Tuesday, 14 April 2009

Plant a good seed and you will joyfully gather fruit.

Is it just me or is season five of Lost the television show that hates beards? Think about it. Jack's clean shaven. Sawyer's clean shaven. Sayid's clean shaven. Desmond's clean shaven. Locke's clean shaven. Lapidus, a man who looked like he spent the last seven years in a jungle in Borneo, has been given a Ricki Lake style total makeover to the point where he's now practically hairless. Hell even Faraday, season 4's most prominent new beard, has been seemingly written out of the show (Gee Note: Obviously at that point they'd ran out of disposable razors. Frustratingly ol' Faraday wasn't even given a proper send off, rather just a passing mention from Sawyer that "he, er, isn't here anymore". In one of those annoying moments that happens every once in a while in Lost none of the other characters thought to put their hand up and ask a blindingly obvious question. Such as "Where did he go? No really, where the hell is he? Did he leave a note? An answerphone message? Was he eaten by a polar bear? Come to think of it what happened to the polar bears? No really, where the hell did they go? Did they leave a note? An answerphone message? Were they eaten by one of those Dharma Initiative branded sharks? Come to think of it what happened to the Dharma Initiative branded sha… ah forget it."). When the last man standing as far as chop warming wearers go is that bastion of masculinity Hurley, something's definitely up.

Speaking of beards, Brad Pitt had a cracking one in Seven Years in Tibet. Speaking of Brad Pitt (Gee Note: Ah the mystical art of the segue. Once again it has proven to be my downfall), the April 6th edition of The Jennifer Anniston Weekly The National Enquirer led with the story that he and Angelina Jolie had a bit of a bust up recently (Gee Note: Amazingly Jennifer Anniston wasn't featured on the front cover that particular week. You know if you listen carefully and the wind is still you can hear the sound of her publicist getting fired all the way from Beverly Hills). I don't know why they had a fight, something to do with being in New York and Jolie having mood swings because she's ridiculously thin. It wasn't a very interesting story if I'm honest. In fact good gossip was obviously hard to find that week, as the Enquirer's most intriguing article was that Britney Spears may be pregnant. Or just overweight. You know, one of the two.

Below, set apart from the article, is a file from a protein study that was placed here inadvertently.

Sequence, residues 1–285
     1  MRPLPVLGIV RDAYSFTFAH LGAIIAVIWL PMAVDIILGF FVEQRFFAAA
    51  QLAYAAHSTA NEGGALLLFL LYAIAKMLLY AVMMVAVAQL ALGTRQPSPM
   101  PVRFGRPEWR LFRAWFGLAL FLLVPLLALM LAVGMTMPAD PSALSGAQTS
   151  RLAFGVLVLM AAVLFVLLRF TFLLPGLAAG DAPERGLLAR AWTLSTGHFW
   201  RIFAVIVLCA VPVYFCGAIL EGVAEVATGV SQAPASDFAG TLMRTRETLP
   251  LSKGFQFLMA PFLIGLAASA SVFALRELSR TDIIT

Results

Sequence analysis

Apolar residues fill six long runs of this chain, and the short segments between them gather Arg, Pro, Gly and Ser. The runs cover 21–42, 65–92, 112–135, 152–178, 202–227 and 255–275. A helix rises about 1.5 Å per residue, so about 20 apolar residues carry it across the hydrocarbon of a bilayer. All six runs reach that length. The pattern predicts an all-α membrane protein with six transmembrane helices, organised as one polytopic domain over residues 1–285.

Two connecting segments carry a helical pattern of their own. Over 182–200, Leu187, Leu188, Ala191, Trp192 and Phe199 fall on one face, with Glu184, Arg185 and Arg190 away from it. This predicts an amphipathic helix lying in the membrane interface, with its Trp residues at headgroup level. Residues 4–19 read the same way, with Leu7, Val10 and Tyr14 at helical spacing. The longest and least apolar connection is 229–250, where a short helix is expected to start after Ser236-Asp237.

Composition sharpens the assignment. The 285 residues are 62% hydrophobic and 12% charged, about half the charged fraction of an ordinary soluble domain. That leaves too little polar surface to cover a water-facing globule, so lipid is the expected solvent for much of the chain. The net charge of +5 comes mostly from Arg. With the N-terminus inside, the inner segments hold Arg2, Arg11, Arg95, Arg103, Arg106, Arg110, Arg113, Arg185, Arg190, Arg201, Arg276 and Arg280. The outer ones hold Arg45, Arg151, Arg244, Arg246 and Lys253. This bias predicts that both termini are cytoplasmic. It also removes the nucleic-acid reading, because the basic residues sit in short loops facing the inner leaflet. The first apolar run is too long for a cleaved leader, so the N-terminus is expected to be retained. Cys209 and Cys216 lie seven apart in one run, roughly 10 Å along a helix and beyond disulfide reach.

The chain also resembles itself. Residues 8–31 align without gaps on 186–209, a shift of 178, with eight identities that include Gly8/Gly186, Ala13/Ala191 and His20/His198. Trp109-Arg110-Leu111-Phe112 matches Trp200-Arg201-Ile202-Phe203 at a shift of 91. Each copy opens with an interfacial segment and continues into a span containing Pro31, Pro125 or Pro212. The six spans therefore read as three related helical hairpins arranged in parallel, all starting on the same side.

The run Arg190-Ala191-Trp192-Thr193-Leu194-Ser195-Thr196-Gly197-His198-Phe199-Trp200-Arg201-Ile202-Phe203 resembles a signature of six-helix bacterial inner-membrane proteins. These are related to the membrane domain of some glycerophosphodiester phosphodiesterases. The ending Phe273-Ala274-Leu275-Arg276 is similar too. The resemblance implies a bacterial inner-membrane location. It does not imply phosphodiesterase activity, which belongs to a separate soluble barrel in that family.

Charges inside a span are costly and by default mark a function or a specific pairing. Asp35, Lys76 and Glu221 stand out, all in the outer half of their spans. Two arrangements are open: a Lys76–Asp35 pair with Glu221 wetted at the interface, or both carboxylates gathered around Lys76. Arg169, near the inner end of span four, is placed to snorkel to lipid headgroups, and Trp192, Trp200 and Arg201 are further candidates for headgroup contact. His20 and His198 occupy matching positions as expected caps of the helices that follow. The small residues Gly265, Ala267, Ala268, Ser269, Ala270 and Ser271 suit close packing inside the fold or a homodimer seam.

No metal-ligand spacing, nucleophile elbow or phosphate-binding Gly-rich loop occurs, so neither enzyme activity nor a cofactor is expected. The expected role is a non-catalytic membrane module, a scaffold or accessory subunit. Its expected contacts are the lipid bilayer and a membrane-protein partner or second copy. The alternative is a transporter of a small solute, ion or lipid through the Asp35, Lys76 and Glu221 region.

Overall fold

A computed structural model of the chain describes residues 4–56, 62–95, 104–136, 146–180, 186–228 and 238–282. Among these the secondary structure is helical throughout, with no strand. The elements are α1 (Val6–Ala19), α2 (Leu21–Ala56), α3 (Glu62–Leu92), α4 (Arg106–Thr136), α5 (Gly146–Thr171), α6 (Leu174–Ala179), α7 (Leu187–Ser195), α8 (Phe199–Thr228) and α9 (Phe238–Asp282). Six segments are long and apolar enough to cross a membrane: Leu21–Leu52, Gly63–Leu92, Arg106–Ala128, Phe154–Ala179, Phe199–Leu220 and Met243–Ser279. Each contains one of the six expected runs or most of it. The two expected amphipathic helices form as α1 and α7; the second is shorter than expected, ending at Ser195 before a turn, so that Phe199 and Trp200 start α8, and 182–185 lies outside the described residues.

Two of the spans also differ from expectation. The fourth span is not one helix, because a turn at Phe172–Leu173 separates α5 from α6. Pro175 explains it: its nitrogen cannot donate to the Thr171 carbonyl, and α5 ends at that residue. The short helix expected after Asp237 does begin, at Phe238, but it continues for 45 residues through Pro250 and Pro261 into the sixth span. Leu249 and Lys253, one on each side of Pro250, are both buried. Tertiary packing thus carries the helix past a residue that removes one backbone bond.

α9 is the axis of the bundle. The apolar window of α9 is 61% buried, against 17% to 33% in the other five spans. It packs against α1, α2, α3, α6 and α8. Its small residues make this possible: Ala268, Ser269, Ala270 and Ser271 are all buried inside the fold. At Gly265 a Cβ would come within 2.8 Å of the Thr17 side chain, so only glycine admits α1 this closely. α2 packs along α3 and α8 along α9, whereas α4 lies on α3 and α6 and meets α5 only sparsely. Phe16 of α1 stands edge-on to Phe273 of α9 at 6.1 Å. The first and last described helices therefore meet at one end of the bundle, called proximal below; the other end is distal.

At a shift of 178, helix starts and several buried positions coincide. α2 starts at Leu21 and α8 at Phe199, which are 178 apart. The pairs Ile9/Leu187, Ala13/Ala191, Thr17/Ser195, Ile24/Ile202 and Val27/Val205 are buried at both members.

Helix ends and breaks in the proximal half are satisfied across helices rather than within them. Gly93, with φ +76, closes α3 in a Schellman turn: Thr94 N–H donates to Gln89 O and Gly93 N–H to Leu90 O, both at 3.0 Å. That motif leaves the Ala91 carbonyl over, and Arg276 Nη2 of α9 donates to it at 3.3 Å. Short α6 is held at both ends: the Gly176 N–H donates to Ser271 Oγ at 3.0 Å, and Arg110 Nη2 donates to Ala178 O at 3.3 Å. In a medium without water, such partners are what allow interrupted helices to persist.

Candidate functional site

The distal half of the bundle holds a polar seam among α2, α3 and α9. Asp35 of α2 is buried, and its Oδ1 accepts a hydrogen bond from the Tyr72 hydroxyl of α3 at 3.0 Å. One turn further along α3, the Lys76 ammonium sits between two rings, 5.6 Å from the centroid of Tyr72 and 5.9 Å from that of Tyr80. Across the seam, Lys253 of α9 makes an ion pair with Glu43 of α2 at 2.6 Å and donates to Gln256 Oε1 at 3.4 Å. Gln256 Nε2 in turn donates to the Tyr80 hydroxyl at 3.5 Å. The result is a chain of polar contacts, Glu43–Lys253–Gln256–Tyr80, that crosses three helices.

Thank goodness for The Globe. As an added sweetener the UK edition of the Enquirer occasionally fills space, especially if it's a slow news week, by including the first six pages of it's sister paper The Globe as a pullout. And boy did that hit a home run. Not only does it lead with the breathless headline "Obama Mutiny!", which brings with it a mental image of the new leader of the free world dressed as a pirate - eye patch and all, but also my favourite published news item in months. Stop the presses kids, it turns out that Roy Orbison's ghost is a pyromaniac.




Now Roy Orbison is something of a legend in music circles. Born in 1936 in Vernon, Texas he became famous for his smooth baritone voice, catchy tunes, and pioneering work in the field of both rock and roll before his untimely death of heart failure in 1988 aged 52. During his career he amassed a string of hits including "I Drove All Night", "Only The Lonely", "Running Scared", and the classic "Oh Pretty Woman". He also picked up several Grammy awards along the way, and was inducted in to both the Rock and Roll and Songwriters Halls of Fame.





So you would think that by the time he shuffled off this mortal coil Orbison would have a been a pretty content chap. Not according to The Globe however. In fact they believe that Orbison is at the heart of a deadly curse.

Now undoubtedly you've heard of such curses before, most notably in association with Tutankhamen. You know, the type where a group of amazingly upper class explorers crack open an ancient tomb, and then within three days each of them have woken up to discover their left hand has turned in to a balloon with a smiley face on it or something. However you may be forgiven for having never heard of the Orbison curse. Because, as far as I can tell, nobody's ever mentioned it before the article in The Globe (Gee Note: Which must come as somewhat of a relief to grave robbers in California where Orbison is buried.
"Hey, I tell you what, how about we rob someone famous? Like that Roy Orbison perhaps? He's probably buried with a golden guitar or something."